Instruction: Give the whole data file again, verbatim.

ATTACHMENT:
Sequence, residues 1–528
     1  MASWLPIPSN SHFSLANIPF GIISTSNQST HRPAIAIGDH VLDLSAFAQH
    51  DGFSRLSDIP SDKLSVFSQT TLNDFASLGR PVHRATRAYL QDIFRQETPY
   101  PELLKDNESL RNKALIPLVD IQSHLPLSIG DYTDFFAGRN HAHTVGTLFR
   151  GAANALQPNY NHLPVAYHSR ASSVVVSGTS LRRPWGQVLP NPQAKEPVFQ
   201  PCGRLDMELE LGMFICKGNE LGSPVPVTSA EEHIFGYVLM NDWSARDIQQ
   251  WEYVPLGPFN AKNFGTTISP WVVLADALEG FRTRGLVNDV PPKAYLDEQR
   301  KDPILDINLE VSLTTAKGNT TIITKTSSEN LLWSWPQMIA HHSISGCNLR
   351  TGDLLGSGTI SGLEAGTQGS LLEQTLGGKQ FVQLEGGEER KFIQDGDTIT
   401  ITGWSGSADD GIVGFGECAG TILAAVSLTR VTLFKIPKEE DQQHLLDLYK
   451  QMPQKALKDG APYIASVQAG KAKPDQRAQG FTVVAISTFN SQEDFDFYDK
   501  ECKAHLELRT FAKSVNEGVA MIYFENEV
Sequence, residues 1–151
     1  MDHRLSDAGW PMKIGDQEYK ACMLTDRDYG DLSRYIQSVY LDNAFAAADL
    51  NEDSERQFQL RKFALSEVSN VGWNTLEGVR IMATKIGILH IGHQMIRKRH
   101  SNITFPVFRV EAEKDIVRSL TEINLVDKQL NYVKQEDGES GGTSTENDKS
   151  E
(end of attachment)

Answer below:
Sequence, residues 1–528
     1  MASWLPIPSN SHFSLANIPF GIISTSNQST HRPAIAIGDH VLDLSAFAQH
    51  DGFSRLSDIP SDKLSVFSQT TLNDFASLGR PVHRATRAYL QDIFRQETPY
   101  PELLKDNESL RNKALIPLVD IQSHLPLSIG DYTDFFAGRN HAHTVGTLFR
   151  GAANALQPNY NHLPVAYHSR ASSVVVSGTS LRRPWGQVLP NPQAKEPVFQ
   201  PCGRLDMELE LGMFICKGNE LGSPVPVTSA EEHIFGYVLM NDWSARDIQQ
   251  WEYVPLGPFN AKNFGTTISP WVVLADALEG FRTRGLVNDV PPKAYLDEQR
   301  KDPILDINLE VSLTTAKGNT TIITKTSSEN LLWSWPQMIA HHSISGCNLR
   351  TGDLLGSGTI SGLEAGTQGS LLEQTLGGKQ FVQLEGGEER KFIQDGDTIT
   401  ITGWSGSADD GIVGFGECAG TILAAVSLTR VTLFKIPKEE DQQHLLDLYK
   451  QMPQKALKDG APYIASVQAG KAKPDQRAQG FTVVAISTFN SQEDFDFYDK
   501  ECKAHLELRT FAKSVNEGVA MIYFENEV
Sequence, residues 1–151
     1  MDHRLSDAGW PMKIGDQEYK ACMLTDRDYG DLSRYIQSVY LDNAFAAADL
    51  NEDSERQFQL RKFALSEVSN VGWNTLEGVR IMATKIGILH IGHQMIRKRH
   101  SNITFPVFRV EAEKDIVRSL TEINLVDKQL NYVKQEDGES GGTSTENDKS
   151  E